|Major Groups > Boletes > Suillus > Suillus kaibabensis|
by Michael Kuo
Suillus kaibabensis is one of several species in western North America that are similar to the European species Suillus granulatus, featuring a yellow-brown cap, yellow pores that are not arranged in a strongly boletinoid pattern, and a stem that develops cinnamon brown glandular dots. However, Suillus kaibabensis is a mycorrhizal associate of ponderosa pine, and is thus found only in the host tree's natural range. Morphologically, the glandular dots of Suillus kaibabensis are more developed, often becoming quite large with maturity—and its cap tends a bit more in the yellow direction.
Another granulatus-like associate of ponderosa pine, Suillus wasatchicus, differs in its pore surface, which is pale orange and covered with glandular dots in youth; additionally its cap turns purple (rather than gray) with KOH, and its spores tend to be slightly smaller. In eastern North America, Suillus weaverae can look similar, but is associated with eastern white pine and features a darker brown cap and less conspicuous glandular dots.
Thanks to Django Grootmyers for documenting, collecting, and preserving Suillus kaibabensis for study; his collections are deposited in The Herbarium of Michael Kuo.
Ecology: Mycorrhizal with ponderosa pine; growing scattered or gregariously in monsoon season (late July through early September); originally described from Arizona; widespread in the southern Rocky Mountains; possibly to be expected elsewhere within the range of ponderosa pine. The illustrated and described collections are from Colorado.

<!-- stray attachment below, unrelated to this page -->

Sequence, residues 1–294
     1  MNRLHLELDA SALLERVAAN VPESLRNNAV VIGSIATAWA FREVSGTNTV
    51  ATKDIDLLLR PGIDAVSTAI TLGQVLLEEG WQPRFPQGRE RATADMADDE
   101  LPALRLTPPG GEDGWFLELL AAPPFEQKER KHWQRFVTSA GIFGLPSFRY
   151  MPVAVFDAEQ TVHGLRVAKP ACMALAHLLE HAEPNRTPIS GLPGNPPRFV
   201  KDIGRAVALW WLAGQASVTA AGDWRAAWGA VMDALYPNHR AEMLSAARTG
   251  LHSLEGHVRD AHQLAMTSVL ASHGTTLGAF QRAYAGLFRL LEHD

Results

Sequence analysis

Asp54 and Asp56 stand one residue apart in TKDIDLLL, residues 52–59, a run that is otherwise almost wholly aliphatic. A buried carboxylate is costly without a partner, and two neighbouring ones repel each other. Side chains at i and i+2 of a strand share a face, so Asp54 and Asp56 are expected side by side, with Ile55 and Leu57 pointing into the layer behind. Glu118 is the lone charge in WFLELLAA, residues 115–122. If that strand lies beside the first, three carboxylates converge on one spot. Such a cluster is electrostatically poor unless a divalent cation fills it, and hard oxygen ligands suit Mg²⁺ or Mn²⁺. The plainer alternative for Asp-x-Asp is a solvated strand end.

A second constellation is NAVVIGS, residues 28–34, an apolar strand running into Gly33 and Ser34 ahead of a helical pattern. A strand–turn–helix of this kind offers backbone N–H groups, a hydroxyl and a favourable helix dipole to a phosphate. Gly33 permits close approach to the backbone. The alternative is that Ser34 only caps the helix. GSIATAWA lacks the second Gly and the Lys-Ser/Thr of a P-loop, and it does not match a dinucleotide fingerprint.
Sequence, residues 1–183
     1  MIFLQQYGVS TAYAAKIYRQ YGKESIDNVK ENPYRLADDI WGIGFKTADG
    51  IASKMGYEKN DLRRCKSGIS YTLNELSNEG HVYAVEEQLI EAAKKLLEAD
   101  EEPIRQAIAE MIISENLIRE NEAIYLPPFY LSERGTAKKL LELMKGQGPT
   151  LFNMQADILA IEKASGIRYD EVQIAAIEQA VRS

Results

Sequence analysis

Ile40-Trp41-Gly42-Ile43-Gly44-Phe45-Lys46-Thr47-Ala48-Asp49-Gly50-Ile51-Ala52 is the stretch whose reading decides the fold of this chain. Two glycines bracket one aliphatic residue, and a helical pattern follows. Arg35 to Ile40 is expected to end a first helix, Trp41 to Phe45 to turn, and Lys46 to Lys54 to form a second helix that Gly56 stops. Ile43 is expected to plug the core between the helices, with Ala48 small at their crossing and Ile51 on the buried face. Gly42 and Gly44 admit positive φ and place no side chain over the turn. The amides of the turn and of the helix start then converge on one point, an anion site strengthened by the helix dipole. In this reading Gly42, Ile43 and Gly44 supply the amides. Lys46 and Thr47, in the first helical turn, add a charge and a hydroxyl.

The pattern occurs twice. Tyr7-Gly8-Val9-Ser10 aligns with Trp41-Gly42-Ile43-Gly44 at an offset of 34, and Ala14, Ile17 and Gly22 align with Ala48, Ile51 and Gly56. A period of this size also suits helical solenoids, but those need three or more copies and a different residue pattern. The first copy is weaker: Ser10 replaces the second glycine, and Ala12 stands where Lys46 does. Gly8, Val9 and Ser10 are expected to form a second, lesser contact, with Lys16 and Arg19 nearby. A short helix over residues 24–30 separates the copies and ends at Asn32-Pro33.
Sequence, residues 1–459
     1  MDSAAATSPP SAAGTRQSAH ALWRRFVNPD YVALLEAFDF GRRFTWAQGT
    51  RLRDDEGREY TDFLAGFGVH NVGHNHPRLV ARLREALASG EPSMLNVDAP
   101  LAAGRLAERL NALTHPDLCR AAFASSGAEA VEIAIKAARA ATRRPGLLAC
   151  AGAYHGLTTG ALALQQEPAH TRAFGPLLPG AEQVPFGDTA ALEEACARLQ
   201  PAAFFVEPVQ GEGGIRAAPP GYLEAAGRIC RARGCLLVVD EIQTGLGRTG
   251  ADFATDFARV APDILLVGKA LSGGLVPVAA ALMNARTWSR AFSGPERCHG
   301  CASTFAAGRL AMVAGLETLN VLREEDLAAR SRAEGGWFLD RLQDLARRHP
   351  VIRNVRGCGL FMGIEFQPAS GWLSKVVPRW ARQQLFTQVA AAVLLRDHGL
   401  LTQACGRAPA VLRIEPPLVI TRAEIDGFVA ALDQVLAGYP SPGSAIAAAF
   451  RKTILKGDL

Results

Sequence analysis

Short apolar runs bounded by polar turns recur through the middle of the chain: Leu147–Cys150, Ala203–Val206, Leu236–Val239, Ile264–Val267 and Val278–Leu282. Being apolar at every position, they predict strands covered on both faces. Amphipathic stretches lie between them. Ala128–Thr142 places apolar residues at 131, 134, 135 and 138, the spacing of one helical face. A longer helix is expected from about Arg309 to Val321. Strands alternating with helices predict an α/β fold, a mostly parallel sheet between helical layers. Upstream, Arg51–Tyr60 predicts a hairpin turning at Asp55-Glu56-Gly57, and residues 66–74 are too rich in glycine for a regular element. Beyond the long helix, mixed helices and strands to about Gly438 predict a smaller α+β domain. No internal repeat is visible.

Cap: 4–15 cm; convex becoming broadly convex or flat; sticky when fresh; bald; brownish yellow to dull yellow or tan, sometimes with a few reddish streaks and areas; the margin often featuring a thin, soft, whitish, sterile zone, especially in young specimens.
Pore Surface: Buff to yellowish or yellow, becoming brownish yellow with age; sometimes becoming reddish-dotted with maturity; not bruising, or sometimes bruising brownish; 2–3 angular pores per mm; tubes to 12 mm deep; often featuring scattered glandular dots.
Stem: 3–6 cm long; 1–3 cm thick; more or less equal, or tapered to base; dry; yellowish to bright yellow at the apex, whitish to yellowish or brownish below; when young with inconspicuous, yellow to cinnamon glandular dots—but at maturity covered with conspicuous reddish brown glandular dots that frequently become large and elongated with maturity, resulting in smears and lines; without a ring.
Flesh: Yellowish to yellow; not staining on exposure.
Odor and Taste: Not distinctive.
Chemical Reactions: Ammonia reddish to pink on cap surface; pink to pinkish orange on flesh. KOH dark gray on cap surface; purplish on flesh. Iron salts negative on cap surface; grayish blue to gray on flesh.
Spore Print: Cinnamon brown.
Microscopic Features: Spores 6.5–11 x 3–4 µm; boletoid-fusiform; smooth; hyaline in KOH; inamyloid. Basidia 20–25 x 5–6 µm; subclavate; 4-sterigmate. Cystidia in gelatinized, brown bundles; often poorly defined individually; 40–50 x 5–12.5 µm; subclavate to subfusiform; smooth; thin-walled; brown in KOH. Pileipellis an ixocutis; elements 2.5–5 µm wide, smooth or a little encrusted, hyaline to yellowish in KOH.
REFERENCES: H. D. Thiers, 1976. (Thiers, 1976; Thiers, 1979; Both, 1993; Bessette, Roody & Bessette, 2000; Klofac, 2013; Cripps, Evenson & Kuo, 2016; Nguyen et al., 2016.) Herb. Kuo 07280601, 08160704, 08121601, 08191601, 08041708.
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Cite this page as:
Kuo, M. (2022, March). Suillus kaibabensis. Retrieved from the MushroomExpert.Com Web site: http://www.mushroomexpert.com/suillus_kaibabensis.html